Hot hot hot
4 May 2013- northern Sudan
Its been 45 degrees in the shade but we are slowly getting used to it. It’s not too awful if you have some shade and don’t move between 11 till 4.
Sudan is wonderful! We really didn’t have much of a mental image of Sudan or much idea of what to expect, this has been the case in plenty of new countries we have been, but much more so here. After our long border crossing and our first night under the stars we carried on north and started noticing the differences, the main one we noticed straight away is that Sudan only has one foot in Africa, and at times you could forget that you are in Africa at all. We started to notice large herds of camels and in some areas they were being used more than donkeys for riding and carrying goods. Sudan is the first fully Muslim country we have come to on the trip, 99% of the population is Muslim and in addition to that its a Muslim state with sharia law. Most of the men wear long white flowing pyjama type things, which actually look rather cool to wear. Most of the women wear much more and of course all have their heads covered to varying degrees. The architecture is very different, the houses and structures are all low with flat roofs made of mud (or in towns bricks or metal) rather than the mud and stick, with thatched roof huts of all rural Africa we have been in so far. But truthfully the main thing we noticed the first few days was the heat- its stifling. Like an oven. Our A/C broke as we left Ethiopia (awful timing!) so we were driving through the sand and dust widows open, lethargic with a damp towel on our head- it works!
We arrived in Khartoum in the afternoon and found the YHA where we camped in the car park. There were no other foreign visitors there. Sudan has no tourist industry to speak of, to say tourism is in its infancy here is an understatement. The country has had so many years of war and conflict which heartbreakingly continues still, many years of US sanctions, and was a real pariah in the 1990’s after supporting Saddam Hussein and harbouring Osama. As in many places politics has held the country back. There is an arrest warrant from the International Criminal Court in The Hague for multiple counts of genocide, crimes against humanity and war crimes for the president. Grim.
Once we got over the heat, the overwhelming impression is the absolute beautiful hospitality of Sudanese people. They want you to you know they are not defined by there politics. Its touching. Hospitality to strangers is a matter of fact, a duty to others but never even a hint of it being a burden. Even in Khartoum, which of course has foreigners living there, mostly UN workers, loads of people go out of their way to literally walk across the road to say Welcome to Sudan, how are you, offer you tea, to share their meal, do we need help with anything etc etc. Their warmth is infectious and comes with no strings attached- they don’t want to sell you anything, offer you a service of any kind, ask you to shop in their place, they just want to engage with you and make sure you are ok and are delighted with visitors to their country.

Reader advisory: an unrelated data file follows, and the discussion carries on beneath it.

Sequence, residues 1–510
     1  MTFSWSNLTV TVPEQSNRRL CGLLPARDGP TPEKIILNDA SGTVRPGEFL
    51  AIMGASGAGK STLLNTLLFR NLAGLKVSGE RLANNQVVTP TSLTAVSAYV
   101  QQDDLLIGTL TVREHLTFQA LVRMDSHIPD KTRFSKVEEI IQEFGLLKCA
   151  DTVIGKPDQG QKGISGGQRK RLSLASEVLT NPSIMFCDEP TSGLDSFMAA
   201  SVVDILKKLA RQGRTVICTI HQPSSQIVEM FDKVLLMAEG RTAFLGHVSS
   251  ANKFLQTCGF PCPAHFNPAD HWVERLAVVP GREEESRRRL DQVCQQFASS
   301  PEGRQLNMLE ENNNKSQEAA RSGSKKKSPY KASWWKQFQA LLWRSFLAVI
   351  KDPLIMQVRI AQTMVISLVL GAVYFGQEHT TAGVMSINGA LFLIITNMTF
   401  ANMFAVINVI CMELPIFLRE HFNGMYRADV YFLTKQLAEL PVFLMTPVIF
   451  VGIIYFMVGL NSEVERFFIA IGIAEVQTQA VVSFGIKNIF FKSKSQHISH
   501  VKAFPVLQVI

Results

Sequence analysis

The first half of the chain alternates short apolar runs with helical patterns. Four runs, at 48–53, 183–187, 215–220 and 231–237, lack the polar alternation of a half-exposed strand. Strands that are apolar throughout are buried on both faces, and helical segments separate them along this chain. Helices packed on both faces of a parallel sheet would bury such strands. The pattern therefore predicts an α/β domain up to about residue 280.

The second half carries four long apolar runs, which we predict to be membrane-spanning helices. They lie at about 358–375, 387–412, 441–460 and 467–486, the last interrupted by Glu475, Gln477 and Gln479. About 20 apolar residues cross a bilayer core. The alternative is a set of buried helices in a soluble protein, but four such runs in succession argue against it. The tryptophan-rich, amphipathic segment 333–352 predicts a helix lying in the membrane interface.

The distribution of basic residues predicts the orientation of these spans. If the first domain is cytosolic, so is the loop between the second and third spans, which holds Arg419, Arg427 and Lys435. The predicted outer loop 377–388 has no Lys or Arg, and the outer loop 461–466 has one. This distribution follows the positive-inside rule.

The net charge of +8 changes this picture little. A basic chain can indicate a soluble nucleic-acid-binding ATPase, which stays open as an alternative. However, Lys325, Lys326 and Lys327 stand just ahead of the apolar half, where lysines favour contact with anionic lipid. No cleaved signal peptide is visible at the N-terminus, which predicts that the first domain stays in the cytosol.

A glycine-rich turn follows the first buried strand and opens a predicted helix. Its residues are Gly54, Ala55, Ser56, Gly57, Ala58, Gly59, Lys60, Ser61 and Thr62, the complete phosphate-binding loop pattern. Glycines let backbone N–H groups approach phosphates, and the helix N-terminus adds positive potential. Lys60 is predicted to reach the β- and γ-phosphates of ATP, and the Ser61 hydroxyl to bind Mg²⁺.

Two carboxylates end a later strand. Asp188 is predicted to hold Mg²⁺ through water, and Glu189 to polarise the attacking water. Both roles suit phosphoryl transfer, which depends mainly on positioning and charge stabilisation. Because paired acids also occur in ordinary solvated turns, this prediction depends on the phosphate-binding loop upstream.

Khartoum is a large modern city with good infrastructure and of course very hot right now! But there is ice cream, which was glorious as its been ages since we had ice cream. It was cooling down to 30 degrees at night and eventually our second night there we were tired enough, after only a few hours of very fitful sleep the previous nights, to pass out with the help of a wet towel draped over us. The soundtrack of Sudan is of course the calls to prayer that boom out from the many many mosques numerous times a day. Depending on where you are you can often hear it from more than one mosque. There are currently heavy travel advisories for Sudan, the Australian government recommends no travel and British government currently has travel warnings for Khartoum (risk of kidnapping of westerners) so we tried to keep a low profile, left landy in the compound of the YHA and stayed close to ‘home’ at night. We also told anyone who asked (as we have been doing for a while now) we are going the opposite direction to what we are.
We decided to see if getting the A/C fixed was a possibility so asked around and found a ramshackle A/C mechanic who had a look and found a hole worn through one of the metal pipes, it was a bit tricky to get out and took a while. Olly stayed to help out in the sun and I hoped in a tuk tuk for a nearby cafe. It was bliss, great A/C , internet and mango juices so I was happy to sit there a few hours. Olly of course ended up getting invited to share in endless cups of tea, served with half a cup of sugar as is the taste here, and their lunch. We are so happy we got it fixed! It’s still a landy A/C so not like other vehicles but its cool air and its a lifesaver not only keeping the temperature down but also saves having the windows wide open when a sand storm passes. While in Khartoum we caught up on all the blogs we had written offline and other internet stuff, did a bit of a shop and got our photography permit, which is a requirement in Sudan. It was an easy process, filling a form in (only one!) and (another passport photo, glad we have so many with us) and is basically a list of things we can and can’t photograph – things not allowed include bridges, petrol stations, any government buildings, anything to do with police or military and anything that could defame Sudan including beggars or slum areas. This is the only place I have ever travelled where you get a far better exchange rate on the black market than at a bank, dollars are in demand here. Due to US sanctions you can’t use MasterCard or Visa to get cash out of ATMs so we had to rely on changing US dollars for Sudanese pounds. As recommended we limited our time in Khartoum due to the travel warnings and headed off to see our first pyramids, Meroe.